Whether you’re in marketing or manufacturing, finding employment begins with writing a résumé. For those early in their careers, prioritizing what experience is most relevant to include can be a challenge. Here are some tips from our Project Opportunity tool box to get you started:
- Brainstorm: We call it the ‘Information Dump’. Make a list of all your experiences. Are you an early-career or entry-level candidate? Think back to relevant coursework, academic awards and achievements, volunteer work, fraternity/sorority affiliations, clubs, student government, community activism, and athletic team participation. After you have compiled a large list, work to cut down and edit.
- Research: Learn the company well enough so that you can reflect in your résumé those same aspects of culture, formality, and values. Pro tip: most companies have an “Our Culture” or “Our Story” link right on their website. Some websites will even share details about the team you will join. Start there.
- Decide: Adjust your résumé to reflect the qualifications and skills of the job to which you are applying. Pro tip: look for keywords from the job responsibilities and qualifications section of the job description and include them in your résumé. List experience in reverse chronological order—newest to oldest. If you don’t have a ton of work history, that’s okay! You can still list your relevant experiences you brainstormed above.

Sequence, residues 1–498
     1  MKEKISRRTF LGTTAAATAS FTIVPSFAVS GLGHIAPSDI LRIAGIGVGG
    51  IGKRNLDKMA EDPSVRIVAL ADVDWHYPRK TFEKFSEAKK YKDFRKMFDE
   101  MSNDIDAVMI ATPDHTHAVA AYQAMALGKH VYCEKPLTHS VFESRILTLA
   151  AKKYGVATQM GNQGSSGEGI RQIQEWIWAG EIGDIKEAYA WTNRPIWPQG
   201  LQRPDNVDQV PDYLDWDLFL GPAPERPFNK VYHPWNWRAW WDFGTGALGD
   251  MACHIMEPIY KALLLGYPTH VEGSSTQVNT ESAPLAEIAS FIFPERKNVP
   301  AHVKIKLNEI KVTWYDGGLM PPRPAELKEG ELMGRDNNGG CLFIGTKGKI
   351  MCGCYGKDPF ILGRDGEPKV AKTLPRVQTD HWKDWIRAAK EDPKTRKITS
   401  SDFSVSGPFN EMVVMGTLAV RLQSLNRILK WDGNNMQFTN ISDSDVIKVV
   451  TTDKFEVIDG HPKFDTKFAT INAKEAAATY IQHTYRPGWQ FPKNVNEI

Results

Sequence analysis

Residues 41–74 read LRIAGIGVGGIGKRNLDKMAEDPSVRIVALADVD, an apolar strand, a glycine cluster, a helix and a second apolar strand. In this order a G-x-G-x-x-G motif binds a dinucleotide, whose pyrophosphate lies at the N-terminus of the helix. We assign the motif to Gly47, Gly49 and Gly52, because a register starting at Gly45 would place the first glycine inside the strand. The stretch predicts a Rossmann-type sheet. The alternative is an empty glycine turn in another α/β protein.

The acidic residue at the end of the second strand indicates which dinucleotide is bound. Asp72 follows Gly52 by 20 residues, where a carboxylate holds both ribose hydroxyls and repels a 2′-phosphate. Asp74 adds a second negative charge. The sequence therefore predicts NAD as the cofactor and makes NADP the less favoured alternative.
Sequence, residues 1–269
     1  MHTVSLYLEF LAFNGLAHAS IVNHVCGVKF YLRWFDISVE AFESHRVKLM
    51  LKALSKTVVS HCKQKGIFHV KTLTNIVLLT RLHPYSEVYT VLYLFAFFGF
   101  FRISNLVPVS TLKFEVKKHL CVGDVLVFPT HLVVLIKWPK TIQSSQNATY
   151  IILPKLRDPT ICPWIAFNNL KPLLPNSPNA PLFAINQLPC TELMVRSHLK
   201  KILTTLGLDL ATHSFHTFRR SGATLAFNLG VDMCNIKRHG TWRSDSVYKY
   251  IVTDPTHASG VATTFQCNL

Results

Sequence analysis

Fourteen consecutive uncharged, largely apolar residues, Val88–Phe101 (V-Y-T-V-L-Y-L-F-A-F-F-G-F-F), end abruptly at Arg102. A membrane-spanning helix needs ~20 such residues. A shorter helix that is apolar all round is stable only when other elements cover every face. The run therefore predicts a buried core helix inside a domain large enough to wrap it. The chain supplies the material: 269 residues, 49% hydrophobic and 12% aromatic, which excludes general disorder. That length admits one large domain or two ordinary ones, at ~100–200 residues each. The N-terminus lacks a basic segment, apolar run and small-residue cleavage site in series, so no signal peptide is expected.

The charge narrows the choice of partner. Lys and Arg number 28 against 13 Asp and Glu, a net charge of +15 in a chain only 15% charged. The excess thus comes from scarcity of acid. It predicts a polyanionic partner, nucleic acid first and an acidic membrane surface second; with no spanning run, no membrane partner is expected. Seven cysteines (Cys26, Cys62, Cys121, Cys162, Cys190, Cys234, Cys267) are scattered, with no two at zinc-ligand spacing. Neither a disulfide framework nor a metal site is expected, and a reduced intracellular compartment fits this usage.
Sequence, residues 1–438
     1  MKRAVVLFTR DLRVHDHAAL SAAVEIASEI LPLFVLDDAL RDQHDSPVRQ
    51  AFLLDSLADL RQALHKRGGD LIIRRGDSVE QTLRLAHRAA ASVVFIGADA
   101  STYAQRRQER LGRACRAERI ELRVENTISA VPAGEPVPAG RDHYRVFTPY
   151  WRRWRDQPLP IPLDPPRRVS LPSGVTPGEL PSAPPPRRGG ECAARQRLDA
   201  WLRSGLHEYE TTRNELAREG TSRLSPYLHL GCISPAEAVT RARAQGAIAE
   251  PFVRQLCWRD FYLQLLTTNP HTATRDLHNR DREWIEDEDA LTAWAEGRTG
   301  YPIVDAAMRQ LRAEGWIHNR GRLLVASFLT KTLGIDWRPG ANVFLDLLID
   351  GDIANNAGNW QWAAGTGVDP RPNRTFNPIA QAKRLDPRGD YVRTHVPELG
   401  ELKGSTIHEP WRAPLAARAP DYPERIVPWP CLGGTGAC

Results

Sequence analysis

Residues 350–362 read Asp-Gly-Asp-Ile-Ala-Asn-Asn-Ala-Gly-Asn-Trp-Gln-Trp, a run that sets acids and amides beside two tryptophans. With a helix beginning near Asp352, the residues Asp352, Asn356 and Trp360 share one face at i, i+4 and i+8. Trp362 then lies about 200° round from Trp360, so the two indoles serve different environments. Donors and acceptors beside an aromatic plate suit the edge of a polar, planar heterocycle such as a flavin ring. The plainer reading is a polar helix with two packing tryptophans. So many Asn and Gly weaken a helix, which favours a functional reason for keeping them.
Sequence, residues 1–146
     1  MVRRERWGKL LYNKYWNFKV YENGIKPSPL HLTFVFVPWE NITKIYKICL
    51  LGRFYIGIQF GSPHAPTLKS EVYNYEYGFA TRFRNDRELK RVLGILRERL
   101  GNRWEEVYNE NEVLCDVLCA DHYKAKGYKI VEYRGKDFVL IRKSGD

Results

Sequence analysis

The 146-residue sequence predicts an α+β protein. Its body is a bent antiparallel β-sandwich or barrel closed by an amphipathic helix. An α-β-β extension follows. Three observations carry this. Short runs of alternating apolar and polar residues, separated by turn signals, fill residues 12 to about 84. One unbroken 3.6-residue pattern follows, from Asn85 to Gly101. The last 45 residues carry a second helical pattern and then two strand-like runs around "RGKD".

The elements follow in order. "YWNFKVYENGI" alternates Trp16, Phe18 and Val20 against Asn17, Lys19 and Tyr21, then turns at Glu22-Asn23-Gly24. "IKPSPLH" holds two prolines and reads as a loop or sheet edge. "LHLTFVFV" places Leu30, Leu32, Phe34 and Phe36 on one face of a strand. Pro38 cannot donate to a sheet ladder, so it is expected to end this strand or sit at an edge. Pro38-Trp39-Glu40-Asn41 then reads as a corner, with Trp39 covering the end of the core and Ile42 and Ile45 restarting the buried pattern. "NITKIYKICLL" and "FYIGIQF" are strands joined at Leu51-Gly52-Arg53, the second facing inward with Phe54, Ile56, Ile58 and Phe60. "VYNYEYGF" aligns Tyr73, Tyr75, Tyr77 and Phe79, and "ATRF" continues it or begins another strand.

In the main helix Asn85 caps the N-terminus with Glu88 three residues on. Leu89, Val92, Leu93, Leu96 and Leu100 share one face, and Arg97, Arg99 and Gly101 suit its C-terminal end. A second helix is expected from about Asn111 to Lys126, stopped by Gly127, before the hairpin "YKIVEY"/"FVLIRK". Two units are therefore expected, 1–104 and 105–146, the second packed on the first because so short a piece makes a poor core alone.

- Format: Résumé reviewing can be somewhat subjective based on the recruiter, company, and business needs. Generally speaking:
- Keep relevant experience at the top of your résumé.
- Use bullet points and keep it short.
- Be quantitative and specific with your achievements. Fill in the blanks on your above brainstorm; how many? How often? For how long? I.e., I volunteered for the Humane Society vs. I organized more than 300 volunteers across 12 events per year.
- Don’t go crazy with unique colors or formatting unless the position you are applying for has a creative focus
- Summarize: Most recruiters agree that you can ditch the “objective statement” if you are going into a career that closely aligns with your educational or work experience; however, if you’re applying for a position outside of your major, consider the following when drafting your summary:
- What makes you passionate about the new field/industry?
- What skills and experiences will make you successful in this role?
We want to help make your job search process as smooth as possible. View more tips on our website, or show us your newly polished résumé online by visiting the Search Jobs section of our website and apply for a position that best fits your area of interest and experience.